In any case, off to a New Years party. Happy new year!

SimpleDB simply sucks

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I mean, I really like the idea of Amazon's SimpleDB. Auto-indexing is great. Scalable is great. The price is great. Forget that their REST API is a joke that will have to change as soon as people start losing or corrupting their data. Why the fuck are they throwing out relational theory? The database barely even supports 1st normal form! You can't do any kind of aggregate operation -- no count, min, max, avg, grouping! There are no integrity constraints anywhere!

Take a look at the example they give:

IDCategorySubcat.NameColorSizeMakeModel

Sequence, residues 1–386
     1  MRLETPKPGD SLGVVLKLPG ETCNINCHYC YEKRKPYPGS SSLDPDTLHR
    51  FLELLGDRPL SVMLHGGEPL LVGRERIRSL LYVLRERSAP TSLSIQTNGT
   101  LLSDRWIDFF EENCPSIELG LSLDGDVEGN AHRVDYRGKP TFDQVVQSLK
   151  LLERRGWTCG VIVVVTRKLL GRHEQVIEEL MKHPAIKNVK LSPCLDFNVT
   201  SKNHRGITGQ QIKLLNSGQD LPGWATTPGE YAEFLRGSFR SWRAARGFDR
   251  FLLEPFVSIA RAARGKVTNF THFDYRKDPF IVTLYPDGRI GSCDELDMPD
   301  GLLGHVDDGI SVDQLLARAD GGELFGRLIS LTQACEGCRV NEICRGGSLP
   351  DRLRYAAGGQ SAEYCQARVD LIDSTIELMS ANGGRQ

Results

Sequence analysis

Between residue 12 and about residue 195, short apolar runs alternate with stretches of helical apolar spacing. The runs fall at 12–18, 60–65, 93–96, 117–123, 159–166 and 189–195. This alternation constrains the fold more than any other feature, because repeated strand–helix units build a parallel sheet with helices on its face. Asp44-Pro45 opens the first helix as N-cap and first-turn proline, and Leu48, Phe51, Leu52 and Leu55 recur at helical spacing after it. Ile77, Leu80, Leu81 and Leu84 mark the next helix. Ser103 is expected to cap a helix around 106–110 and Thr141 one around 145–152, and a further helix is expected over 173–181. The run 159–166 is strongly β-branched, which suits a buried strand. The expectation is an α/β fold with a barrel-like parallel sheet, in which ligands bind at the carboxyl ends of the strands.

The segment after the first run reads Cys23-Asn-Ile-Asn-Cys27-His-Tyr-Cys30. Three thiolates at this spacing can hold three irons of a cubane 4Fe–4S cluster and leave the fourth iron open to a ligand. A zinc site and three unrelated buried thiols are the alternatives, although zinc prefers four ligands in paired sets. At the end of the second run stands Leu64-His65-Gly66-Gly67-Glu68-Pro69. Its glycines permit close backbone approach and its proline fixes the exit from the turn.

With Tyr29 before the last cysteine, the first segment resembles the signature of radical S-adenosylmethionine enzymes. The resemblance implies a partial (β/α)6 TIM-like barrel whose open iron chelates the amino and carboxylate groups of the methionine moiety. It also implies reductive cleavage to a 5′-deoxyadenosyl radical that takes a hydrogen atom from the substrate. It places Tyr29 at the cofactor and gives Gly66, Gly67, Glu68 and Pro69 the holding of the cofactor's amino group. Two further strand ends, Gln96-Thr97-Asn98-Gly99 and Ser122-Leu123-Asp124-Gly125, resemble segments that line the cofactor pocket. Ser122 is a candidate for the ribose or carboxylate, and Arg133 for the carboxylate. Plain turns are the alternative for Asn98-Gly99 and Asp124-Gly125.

Item_01ClothesSweaterCathair SweaterSiameseSmall, Medium, Large
Item_02ClothesPantsDesigner JeansPaisley Acid Wash30x32, 32x32, 32x34
Item_03ClothesPantsSweatpantsBlue, Yellow, PinkLarge
Item_04Car PartsEngineTurbos AudiS4
Item_05Car PartsEmissions02 Sensor AudiS4
Item_06Motorcycle PartsBodyworkFender EliminatorBlue YamahaR1
Item_07Motorcycle Parts, ClothingClothingLeather PantsSmall, Medium, LargeBlack

Let's ignore that item_07 has the Color & Size backwards. You'll note that Color and Size are multi-valued attributes. If you look up Multi-Valued Attributes in any relational textbook, they'll usually say something like: "Abandon all hope, ye who enter here."

Lately, however, even the diehards are allowing for nested relations & complex types inside domains, so this in and of itself isn't a bad thing if you treat them as nested relations. With that interpretation, this table is intended to manage "names & options for a particular item". It is interpretable in (at least) 1NF. I can retrieve "item_01", for example, I know that this Cathair Sweater comes in Siamese and Small, Medium, and Large.